1916: Sir Roger Casement (right) was hanged for treason in the Tower of London. Casement had been a member of the British Casementcolonial service and one of the first human rights investigators of modern times.  He won international praise for exposing the exploitation of workers in the Congo and Peru. He was also a secret advocate of Irish independence. During World War I he traveled to Germany to purchase weapons for Irish nationalists to use in an armed revolt against the United Kingdom. He was eventually exposed and arrested. Casement is the subject of a widely acclaimed novel by Peruvian writer Mario Vargas Llosa, The Dream of the Celt. For a masterful nonfiction account of Casement and his peers, read Vivid Faces: The Revolutionary Generation in Ireland, 1890-1923 by Roy Foster.

pjamesHappy Birthday to  P.D. James (1920-2014), the grande dame of twentieth-century mystery writers.  I cannot say enough good things about her novels featuring police commander Adam Dalgliesh: they have fascinating plots, compelling characters, and are infused with a dark psychological realism. Among my favorites are Devices and Desires and Death in Holy Orders.

On this day in 1846 a group of 87 settlers headed for California made the fateful decision to take a new route across the Sierra Nevada. Dubbed the “Donner Party” by historians, they spent the winter trapped by heavy snowfalls. 39 members of the party died. Many of them were eaten by the survivors. If you want to know more about this grisly episode of American history and the realities of white settlement of the West, I suggest The Indifferent Stars Above: The Harrowing Saga of a Donner Party Bride. For a more general history of Western settlement up to 1848, I suggest Bernard DeVoto’s Across the Wide Missouri.


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There’s still plenty of summer left regardless of all the Back to School merchandise and the (GASP!) snow blowers that appear to be creeping into the patio section of your local Target. Summer is my favorite time of year to relax with some great reading material. Here are a few recent selections of mine for you to consider.

The Cold Nowhere by Brian Freeman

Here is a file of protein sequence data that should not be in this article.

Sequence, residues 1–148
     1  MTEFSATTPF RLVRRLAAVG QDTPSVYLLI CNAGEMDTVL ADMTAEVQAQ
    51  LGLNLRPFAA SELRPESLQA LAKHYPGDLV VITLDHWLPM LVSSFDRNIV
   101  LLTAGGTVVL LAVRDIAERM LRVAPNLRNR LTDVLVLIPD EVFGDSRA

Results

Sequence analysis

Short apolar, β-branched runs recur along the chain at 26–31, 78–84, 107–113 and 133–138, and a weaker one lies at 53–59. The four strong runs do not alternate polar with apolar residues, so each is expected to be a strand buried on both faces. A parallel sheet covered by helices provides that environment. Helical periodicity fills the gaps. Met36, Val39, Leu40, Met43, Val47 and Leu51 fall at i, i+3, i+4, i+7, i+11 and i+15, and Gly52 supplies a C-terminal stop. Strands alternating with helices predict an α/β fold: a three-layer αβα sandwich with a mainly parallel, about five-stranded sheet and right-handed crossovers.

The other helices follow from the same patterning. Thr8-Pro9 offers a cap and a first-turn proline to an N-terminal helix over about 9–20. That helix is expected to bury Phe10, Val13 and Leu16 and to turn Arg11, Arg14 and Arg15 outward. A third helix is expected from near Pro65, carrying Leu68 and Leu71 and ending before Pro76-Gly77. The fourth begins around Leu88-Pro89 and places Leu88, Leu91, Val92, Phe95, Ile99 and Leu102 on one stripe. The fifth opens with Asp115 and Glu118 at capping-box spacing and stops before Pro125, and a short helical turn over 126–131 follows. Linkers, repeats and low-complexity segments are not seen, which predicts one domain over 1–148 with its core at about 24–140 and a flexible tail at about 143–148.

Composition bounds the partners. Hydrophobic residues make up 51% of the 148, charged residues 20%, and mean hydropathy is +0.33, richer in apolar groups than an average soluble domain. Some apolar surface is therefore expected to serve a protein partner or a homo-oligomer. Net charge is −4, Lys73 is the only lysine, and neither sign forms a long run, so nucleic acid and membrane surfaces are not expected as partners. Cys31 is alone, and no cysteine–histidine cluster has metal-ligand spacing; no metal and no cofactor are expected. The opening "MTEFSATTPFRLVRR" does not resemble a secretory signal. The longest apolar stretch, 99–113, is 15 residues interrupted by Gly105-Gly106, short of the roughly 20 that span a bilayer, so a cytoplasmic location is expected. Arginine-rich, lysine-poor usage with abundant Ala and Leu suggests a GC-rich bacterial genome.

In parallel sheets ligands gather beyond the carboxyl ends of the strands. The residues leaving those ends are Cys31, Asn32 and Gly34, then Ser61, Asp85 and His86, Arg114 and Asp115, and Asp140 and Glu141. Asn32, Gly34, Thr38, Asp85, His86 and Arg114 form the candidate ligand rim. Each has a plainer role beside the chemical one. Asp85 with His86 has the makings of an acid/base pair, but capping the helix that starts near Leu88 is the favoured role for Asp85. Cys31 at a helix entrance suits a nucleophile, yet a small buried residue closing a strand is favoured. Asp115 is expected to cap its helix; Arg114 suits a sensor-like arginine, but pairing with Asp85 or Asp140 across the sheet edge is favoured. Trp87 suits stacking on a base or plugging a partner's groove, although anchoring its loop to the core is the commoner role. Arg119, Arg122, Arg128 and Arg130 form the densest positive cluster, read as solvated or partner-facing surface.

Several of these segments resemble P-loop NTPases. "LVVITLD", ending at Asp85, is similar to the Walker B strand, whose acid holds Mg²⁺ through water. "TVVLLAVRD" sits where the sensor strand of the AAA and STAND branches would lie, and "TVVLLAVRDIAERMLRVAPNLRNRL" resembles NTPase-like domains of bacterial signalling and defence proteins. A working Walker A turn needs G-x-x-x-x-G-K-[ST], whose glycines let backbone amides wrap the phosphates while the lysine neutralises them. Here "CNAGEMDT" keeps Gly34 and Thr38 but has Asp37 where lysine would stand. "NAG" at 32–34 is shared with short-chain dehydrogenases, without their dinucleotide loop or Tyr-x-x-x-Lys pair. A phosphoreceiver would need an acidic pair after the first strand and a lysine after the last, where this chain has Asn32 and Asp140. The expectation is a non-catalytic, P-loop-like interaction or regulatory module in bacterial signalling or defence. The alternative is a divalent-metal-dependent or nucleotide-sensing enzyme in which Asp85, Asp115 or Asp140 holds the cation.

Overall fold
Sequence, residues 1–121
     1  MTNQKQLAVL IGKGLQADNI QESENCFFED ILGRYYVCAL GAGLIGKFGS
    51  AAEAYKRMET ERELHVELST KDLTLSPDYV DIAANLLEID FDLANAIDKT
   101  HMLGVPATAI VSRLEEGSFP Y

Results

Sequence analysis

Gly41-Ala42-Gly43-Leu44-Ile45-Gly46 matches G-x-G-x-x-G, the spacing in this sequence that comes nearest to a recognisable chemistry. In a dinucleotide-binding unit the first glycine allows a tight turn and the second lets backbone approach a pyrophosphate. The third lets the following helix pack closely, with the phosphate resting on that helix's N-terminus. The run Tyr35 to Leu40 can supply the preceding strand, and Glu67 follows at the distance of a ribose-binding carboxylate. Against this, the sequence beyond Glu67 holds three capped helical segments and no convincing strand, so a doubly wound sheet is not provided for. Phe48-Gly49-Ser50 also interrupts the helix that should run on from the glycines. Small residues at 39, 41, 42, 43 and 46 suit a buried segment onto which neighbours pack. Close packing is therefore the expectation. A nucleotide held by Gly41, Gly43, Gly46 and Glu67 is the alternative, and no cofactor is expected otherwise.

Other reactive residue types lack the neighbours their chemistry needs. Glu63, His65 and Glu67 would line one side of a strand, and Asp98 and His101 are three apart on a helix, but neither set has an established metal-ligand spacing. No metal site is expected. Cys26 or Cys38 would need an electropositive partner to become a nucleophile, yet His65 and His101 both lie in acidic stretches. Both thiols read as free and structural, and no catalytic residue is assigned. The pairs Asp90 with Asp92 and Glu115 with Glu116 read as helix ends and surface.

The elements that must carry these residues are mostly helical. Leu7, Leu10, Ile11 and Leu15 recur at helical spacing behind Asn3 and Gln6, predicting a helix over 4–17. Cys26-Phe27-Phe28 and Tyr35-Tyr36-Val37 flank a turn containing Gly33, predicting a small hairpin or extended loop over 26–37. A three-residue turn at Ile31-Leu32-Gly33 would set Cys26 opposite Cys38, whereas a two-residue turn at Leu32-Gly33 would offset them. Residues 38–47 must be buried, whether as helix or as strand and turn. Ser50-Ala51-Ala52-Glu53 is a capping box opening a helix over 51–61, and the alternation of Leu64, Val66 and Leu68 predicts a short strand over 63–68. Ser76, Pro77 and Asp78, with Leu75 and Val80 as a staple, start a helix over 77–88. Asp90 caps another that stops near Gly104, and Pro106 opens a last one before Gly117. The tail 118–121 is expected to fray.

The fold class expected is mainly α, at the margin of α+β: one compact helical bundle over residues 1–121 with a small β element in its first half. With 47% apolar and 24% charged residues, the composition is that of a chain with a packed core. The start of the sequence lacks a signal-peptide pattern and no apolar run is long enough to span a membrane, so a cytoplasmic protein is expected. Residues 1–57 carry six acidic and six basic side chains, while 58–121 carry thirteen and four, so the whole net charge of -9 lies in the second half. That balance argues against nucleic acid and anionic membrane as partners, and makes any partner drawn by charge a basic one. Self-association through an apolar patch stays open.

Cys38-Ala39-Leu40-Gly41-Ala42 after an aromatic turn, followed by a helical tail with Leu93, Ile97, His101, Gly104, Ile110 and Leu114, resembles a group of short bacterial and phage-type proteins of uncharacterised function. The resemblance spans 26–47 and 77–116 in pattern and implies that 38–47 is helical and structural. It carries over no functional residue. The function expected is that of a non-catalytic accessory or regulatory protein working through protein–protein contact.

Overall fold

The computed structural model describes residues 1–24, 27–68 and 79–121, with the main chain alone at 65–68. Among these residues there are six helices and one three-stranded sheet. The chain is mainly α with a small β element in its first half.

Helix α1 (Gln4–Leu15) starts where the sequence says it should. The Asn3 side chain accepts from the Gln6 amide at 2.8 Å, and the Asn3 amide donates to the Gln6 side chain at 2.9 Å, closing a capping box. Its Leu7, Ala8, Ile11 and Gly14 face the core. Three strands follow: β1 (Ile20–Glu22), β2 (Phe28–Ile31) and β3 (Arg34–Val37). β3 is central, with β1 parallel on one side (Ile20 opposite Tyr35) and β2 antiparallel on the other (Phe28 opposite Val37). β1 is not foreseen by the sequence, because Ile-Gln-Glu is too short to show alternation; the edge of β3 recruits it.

Detective Jonathan Stride has his hands full with the mystery surrounding a supposed murder/suicide when a decade later he finds the lone survivor of the case, Cat Mateo in his home, dripping wet from what she describes to him as a narrow escape into the icy water of Lake Superior from an unknown pursuer. The fact that her clothes are bloodstained and her story questionable appears to be lost on the guilt ridden detective whose partner Maggie Bei must now work both sides of the case to satisfy her own doubts about the homeless teen, the lost decade, and Stride’s safety from the knife wielding, deeply damaged girl.

A fast pace and a steady introduction of characters may provide Stride (and the reader) with the key to helping Cat with her immediate threat and finally solving the case that he just couldn’t let go of involving the murder of her mother 10 years earlier.

There are additional novels if you enjoy the main character Detective Jonathan Stride, so check them out!

Bountiful: Recipes Inspired by Our Garden by Todd Porter and Diane Cu

I have a large backyard perennial garden, but during the long cold winter of 2015 my husband and I decided to dedicate a section of our yard to growing vegetables in raised beds – I could probably do a whole BiblioBites on the books we gobbled up to prepare our raised beds for the season, but that’s for another day! Suffice to say that good preparation makes for great results and so we are enjoying our home grown produce immensely! As every gardener knows once the initial crop is harvested and the thrill of “our first (fill in the veggie)” wears off, there’s still a lot of summer left and the produce keeps rolling in and so a cookbook like Bountiful is perfect for solid, easy to prepare dishes with accents on what’s ripe and ready. Let me start by telling you that authors Todd and Diane are multi-talented. They are the authors of the White on Rice Blog and are also food photographers. The recipes are easy to follow and you will have most of the produce/spices/seasonings and herbs either on hand, in your garden, CSA share or at your local farmers market. The multi-cultural culinary influence that this couple brings to food preparation has made book a “must purchase” for my personal collection.  Warning: the photographs of the food are so amazing you may find yourself turning the pages with a fork.

The Martian by Andy Weir

This book is the current Somerville Reads (our community reading program) selection.